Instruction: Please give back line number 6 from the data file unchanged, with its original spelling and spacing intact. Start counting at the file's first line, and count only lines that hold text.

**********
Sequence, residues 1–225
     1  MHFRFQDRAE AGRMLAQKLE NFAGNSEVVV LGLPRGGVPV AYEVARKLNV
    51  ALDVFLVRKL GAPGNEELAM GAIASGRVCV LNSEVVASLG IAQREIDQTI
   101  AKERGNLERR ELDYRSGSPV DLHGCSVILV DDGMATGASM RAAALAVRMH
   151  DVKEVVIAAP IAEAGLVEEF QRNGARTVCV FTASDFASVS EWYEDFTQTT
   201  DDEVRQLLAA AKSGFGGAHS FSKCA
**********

   201  DDEVRQLLAA AKSGFGGAHS FSKCA